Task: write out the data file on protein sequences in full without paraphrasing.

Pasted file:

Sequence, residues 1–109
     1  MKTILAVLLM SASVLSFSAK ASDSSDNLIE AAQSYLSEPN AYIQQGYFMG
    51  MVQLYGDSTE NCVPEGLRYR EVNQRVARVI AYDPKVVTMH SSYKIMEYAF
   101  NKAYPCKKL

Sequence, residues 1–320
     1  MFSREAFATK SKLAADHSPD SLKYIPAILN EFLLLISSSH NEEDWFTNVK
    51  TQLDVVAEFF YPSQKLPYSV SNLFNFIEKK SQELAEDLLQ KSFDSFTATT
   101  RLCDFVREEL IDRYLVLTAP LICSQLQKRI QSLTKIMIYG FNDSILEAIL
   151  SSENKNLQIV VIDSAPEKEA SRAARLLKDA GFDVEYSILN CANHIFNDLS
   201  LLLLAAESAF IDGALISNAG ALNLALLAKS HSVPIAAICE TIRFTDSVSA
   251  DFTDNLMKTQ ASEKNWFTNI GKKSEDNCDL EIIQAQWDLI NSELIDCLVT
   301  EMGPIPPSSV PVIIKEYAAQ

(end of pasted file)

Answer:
Sequence, residues 1–109
     1  MKTILAVLLM SASVLSFSAK ASDSSDNLIE AAQSYLSEPN AYIQQGYFMG
    51  MVQLYGDSTE NCVPEGLRYR EVNQRVARVI AYDPKVVTMH SSYKIMEYAF
   101  NKAYPCKKL

Sequence, residues 1–320
     1  MFSREAFATK SKLAADHSPD SLKYIPAILN EFLLLISSSH NEEDWFTNVK
    51  TQLDVVAEFF YPSQKLPYSV SNLFNFIEKK SQELAEDLLQ KSFDSFTATT
   101  RLCDFVREEL IDRYLVLTAP LICSQLQKRI QSLTKIMIYG FNDSILEAIL
   151  SSENKNLQIV VIDSAPEKEA SRAARLLKDA GFDVEYSILN CANHIFNDLS
   201  LLLLAAESAF IDGALISNAG ALNLALLAKS HSVPIAAICE TIRFTDSVSA
   251  DFTDNLMKTQ ASEKNWFTNI GKKSEDNCDL EIIQAQWDLI NSELIDCLVT
   301  EMGPIPPSSV PVIIKEYAAQ